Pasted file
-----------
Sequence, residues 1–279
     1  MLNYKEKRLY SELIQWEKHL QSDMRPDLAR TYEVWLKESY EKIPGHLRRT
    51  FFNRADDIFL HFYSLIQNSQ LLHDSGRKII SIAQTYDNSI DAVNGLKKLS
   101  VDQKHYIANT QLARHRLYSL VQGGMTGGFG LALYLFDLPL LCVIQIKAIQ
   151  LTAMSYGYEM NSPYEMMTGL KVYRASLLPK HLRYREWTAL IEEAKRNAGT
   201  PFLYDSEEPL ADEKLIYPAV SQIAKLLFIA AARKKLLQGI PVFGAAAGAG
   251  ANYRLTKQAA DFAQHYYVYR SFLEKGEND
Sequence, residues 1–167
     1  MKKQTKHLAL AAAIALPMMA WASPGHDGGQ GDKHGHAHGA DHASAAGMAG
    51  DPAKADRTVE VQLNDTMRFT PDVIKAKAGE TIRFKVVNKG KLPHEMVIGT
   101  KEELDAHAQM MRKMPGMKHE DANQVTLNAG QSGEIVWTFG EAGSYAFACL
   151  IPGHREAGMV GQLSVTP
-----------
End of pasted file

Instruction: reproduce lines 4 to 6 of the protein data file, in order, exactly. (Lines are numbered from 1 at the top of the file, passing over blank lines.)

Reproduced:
   101  VDQKHYIANT QLARHRLYSL VQGGMTGGFG LALYLFDLPL LCVIQIKAIQ
   151  LTAMSYGYEM NSPYEMMTGL KVYRASLLPK HLRYREWTAL IEEAKRNAGT
   201  PFLYDSEEPL ADEKLIYPAV SQIAKLLFIA AARKKLLQGI PVFGAAAGAG